# NavList:

## A Community Devoted to the Preservation and Practice of Celestial Navigation and Other Methods of Traditional Wayfinding

**Re: Geometry of SNO-T**

**From:**Alexandre Eremenko

**Date:**2004 Oct 14, 12:21 -0500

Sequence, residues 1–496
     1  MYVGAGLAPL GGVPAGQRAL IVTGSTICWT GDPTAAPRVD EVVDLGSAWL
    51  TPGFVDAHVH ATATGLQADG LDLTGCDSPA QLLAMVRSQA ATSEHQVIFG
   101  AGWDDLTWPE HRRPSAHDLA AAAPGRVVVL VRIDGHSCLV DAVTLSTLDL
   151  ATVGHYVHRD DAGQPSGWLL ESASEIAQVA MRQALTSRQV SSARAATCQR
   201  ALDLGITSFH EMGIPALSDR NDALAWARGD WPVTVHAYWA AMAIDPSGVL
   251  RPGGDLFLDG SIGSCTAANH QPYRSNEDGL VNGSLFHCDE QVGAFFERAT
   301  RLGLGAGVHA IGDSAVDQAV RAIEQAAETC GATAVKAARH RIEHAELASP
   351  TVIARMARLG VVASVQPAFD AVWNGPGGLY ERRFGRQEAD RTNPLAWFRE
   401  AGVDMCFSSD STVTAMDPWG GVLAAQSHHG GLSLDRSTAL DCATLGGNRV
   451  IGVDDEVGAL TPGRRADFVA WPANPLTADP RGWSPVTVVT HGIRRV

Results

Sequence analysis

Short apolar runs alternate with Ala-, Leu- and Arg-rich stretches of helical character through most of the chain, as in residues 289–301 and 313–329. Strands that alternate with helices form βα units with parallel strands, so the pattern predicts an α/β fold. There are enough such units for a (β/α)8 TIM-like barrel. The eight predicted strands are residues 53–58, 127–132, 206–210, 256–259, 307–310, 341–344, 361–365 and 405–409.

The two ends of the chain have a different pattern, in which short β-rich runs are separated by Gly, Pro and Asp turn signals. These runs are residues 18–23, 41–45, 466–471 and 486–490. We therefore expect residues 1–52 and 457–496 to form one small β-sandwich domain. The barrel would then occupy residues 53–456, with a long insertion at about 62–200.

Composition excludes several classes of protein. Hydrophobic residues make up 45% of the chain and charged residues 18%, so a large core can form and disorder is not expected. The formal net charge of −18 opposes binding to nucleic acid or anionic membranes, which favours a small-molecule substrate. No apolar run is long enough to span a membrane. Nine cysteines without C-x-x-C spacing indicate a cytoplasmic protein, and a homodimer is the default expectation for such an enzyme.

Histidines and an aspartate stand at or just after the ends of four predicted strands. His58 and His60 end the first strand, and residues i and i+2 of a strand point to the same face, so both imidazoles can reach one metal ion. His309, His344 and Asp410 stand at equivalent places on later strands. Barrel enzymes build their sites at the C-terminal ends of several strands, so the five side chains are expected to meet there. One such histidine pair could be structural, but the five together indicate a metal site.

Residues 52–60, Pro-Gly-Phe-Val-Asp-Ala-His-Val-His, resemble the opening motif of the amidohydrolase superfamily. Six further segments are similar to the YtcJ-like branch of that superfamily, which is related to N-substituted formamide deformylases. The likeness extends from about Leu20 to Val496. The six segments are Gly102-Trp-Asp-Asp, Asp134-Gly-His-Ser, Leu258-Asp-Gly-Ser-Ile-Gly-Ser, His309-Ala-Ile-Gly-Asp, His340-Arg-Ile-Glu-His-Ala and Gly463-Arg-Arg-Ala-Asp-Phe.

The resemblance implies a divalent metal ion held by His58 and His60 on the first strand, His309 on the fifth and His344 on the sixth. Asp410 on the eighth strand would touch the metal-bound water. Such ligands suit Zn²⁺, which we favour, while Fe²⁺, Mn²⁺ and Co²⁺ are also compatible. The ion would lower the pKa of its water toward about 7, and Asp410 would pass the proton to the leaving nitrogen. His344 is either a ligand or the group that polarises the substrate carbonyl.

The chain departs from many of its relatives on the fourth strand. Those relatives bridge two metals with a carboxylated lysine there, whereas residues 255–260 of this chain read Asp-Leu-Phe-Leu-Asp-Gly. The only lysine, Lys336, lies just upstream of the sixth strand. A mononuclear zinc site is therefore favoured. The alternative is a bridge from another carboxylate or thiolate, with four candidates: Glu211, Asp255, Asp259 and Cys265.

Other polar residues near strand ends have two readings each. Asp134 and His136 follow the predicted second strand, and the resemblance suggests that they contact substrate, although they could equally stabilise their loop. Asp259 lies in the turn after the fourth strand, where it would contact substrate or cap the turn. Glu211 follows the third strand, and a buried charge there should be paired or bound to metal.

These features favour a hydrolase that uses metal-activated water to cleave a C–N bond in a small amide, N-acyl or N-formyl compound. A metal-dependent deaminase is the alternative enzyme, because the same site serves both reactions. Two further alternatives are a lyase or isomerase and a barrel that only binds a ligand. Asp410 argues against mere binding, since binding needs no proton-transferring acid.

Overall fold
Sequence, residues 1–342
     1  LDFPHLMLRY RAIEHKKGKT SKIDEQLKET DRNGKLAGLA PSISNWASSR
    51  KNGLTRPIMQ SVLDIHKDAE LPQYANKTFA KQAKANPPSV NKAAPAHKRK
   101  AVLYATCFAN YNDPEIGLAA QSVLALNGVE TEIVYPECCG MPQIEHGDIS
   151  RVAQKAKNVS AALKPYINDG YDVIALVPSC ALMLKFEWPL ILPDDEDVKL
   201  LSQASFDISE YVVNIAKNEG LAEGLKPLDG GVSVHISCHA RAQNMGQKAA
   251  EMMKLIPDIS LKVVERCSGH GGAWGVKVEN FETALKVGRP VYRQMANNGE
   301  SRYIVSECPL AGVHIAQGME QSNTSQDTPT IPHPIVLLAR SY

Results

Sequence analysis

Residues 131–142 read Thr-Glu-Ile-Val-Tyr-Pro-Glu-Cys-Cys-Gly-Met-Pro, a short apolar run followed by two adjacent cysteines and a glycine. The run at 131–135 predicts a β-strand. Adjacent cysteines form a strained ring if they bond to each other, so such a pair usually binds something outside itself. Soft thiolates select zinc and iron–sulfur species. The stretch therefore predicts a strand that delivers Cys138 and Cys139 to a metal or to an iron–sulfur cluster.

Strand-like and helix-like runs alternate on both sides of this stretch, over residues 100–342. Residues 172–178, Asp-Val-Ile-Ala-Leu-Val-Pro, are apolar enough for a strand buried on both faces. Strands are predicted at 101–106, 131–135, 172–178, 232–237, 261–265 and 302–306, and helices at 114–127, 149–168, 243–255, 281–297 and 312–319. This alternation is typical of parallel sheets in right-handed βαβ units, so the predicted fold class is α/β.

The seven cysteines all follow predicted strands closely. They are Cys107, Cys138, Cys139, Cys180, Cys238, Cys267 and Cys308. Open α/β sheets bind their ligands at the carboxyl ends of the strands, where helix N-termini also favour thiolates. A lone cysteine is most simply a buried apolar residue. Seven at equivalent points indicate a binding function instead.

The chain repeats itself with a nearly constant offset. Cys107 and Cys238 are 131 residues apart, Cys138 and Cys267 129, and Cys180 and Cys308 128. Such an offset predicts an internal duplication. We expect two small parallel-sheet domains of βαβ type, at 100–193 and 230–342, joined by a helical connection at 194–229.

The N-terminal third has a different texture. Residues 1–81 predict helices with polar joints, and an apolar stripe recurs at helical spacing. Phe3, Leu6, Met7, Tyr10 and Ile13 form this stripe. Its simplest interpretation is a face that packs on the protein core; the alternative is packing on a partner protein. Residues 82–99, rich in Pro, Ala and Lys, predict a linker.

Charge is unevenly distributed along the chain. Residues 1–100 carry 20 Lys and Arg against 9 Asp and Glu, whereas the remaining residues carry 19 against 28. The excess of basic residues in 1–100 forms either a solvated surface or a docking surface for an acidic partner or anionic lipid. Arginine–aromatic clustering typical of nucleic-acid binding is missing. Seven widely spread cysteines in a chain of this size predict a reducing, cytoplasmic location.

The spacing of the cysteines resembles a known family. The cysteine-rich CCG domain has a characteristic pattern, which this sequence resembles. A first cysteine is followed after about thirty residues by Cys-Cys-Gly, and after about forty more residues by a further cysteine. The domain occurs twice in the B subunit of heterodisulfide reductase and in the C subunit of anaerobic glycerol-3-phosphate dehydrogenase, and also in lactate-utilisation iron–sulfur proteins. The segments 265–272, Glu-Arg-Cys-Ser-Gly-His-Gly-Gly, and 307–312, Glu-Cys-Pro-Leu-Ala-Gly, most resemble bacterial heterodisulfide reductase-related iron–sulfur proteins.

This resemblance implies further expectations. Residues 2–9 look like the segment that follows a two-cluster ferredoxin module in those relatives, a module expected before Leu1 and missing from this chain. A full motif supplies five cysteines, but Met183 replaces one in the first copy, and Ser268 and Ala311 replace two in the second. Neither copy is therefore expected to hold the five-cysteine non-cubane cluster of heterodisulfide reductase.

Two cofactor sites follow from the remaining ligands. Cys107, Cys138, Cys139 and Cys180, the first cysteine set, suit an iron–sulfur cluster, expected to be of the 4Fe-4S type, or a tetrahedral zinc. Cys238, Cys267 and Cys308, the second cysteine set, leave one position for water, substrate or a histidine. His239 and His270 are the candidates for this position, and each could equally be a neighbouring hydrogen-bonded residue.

Dear Herbert, I find your version of the proof OK (and I am glad to conclude that we are in 100% agreement now:-). The only little point that still leaves me somewhat uncomfortable is that nobody seems to have noticed the effect we discuss. Now I understand that Astra III (one of the most widespread sextants!) is constructed the same way as SNO (the axis is away from the mirror plane by 5 or 6 mm), and this gives a large and well visible effect when testing perpendicularity. On using vectors vs Greek math. On my opinion, there was some progress in math in the last 2200 years or so, (since the Greek geometry was invented) and vector notations are easier and more convenient to use. (Greek-style proofs always required some ingenuity. Vectors reduce this to a mechanical procedure, an algorithm. And you can compute with them, instead of making pictures) Unfortunately, the process of introduction of such innovations into curriculum (on all levels) is very slow. Many great math inventions that are hundreds years old still have not found their way to the usual math curriculum. But let me explain the reflection formula that I used. (It may be useful in other questions of sextant geometry). By the way, most spherical trig formulas also become much more transparent and easier to understand when using vectors rather than the ancient "Ptolemy/Arab notation". 1. Dot product of two vectors. This is a NUMBER, equal to the product of the lengths of these vectors times cosine of the angle between them. If the two vectors have coordinates (x,y,z) and (a,b,c) there is a very nice formula for this dot product: ax+by+cz. Notice that no cosine is involved!! Only multiplication and addition. The dot product of a vector with itself is its length squared: (a.a)=|a|^2. 2. Projection of a vector x onto the direction of a vector a. It is defined as a vector y, having the same direction as a, and minimising the length of the difference |x-y|. The explicit expression in terms of the dot product is p=a(a.x)/|a|^2=a(a.x)/(a.a) 3. Now it is easy to derive the reflection formula. Let N be a normal (=perpendicular) vector to the mirror, of unit length. (For a given mirror, there are exactly two such vectors N, chose any of them, it does not matter). We want to find the reflection y of a vector x in this mirror. First, the projection p of x onto the direction N is p=N(x.N)/(N.N)=N(x.N), Now you have to make a picture yourself: Draw x and p starting from a common point O, and complete this drawing to a triangle, the third side of this triangle is the vector p-x (from the endpoint of x to the endpoint of p. According to the law of reflection, the reflected vector y should be x+2(p-x). (Draw it to see this!) Thus we get our final result: y=x+2(p-x)=2p-x=2N(N.x)-x. Exercise: by using only this formula, show that if y is the reflection of x then x is the reflection of y:-) Alex. On Thu, 14 Oct 2004, Herbert Prinz wrote: > Alexandre > > Thank you for posting your proof and doing the tedious work of typing it > in. Unless you find a flaw in the following, we are in 100% agreement > now. > > I have been trying to give a purely geometrical explanation, but could > not see how to do it without a drawing. Your proof has shown the way. > Most list members will be able to follow your proof up to the point > where you introduce the general formula for reflection. This and the dot > product might scare a few people away. So, if you don't mind, here is > your proof again, after a small cosmetic change in the form of a > coordinate transformation. I will still use cartesian coordinates, > because I can't draw, but the argument is entirely based on good old > proportions, Greek style, avoids complicated vector algebra and can > therefore be drawn on paper if the reader cares to. > > Let O = (0,0,0) be the front edge of the mirror at which we reflect. Let > the mirror intersect the x-y-plane in the y-axis. Let M be a point on > the y-axis. > > Let A be the left visor that we see directly. Let B = (p,q,0) be the > right visor that we see in the mirror. Because angles AOM = MOB, the > right triangles that form the coordinates of points A and B are similar > and symmetric, and the coordinates are proportional. So A can be written > as k*(p,-q,0) or > > A = (k*p, k*-q , 0) > > Let B' be the reflection of B, and therefore > > B' = (p, -q, 0) > > The rest goes like you say: After the observer lifts his eye, the rays > go through O' = (0,0, h). > > O'A = (k*p, k*-q , -h) > O'B = (p, -q, -h) > > These vectors can only be parallel if h = 0 or k = 1. > > If h = 0, then k is arbitrary, meaning that the mirror does not have to > be in the symmetry plane of the two visors. But since the pivotal axis > has to be in it, we know that the mirror may be outside of the pivotal > axis. Therefore the test is always valid if we look in the x-y-plane. > > If h > 0, then k = 1. Inserting this into the definition of A, above, > we get > > A = (p, -q , 0) > > This means that A and B' can be seen in the same direction from a point > O' outside the x-y-plane only if A and B are symmetric with respect to > the mirror. In other words the mirror is the symmetry plane. But the > pivotal axis is always in the symmetry plane, and thus in the mirror. > > *** > > (Since line AB is perpendicular to the mirror if and only if k = 1, this > is also criterion for whether the visors will coincide for every h. We > don't need this here, I just mention it for completeness, since I > brought it up earlier.) > > Herbert Prinz >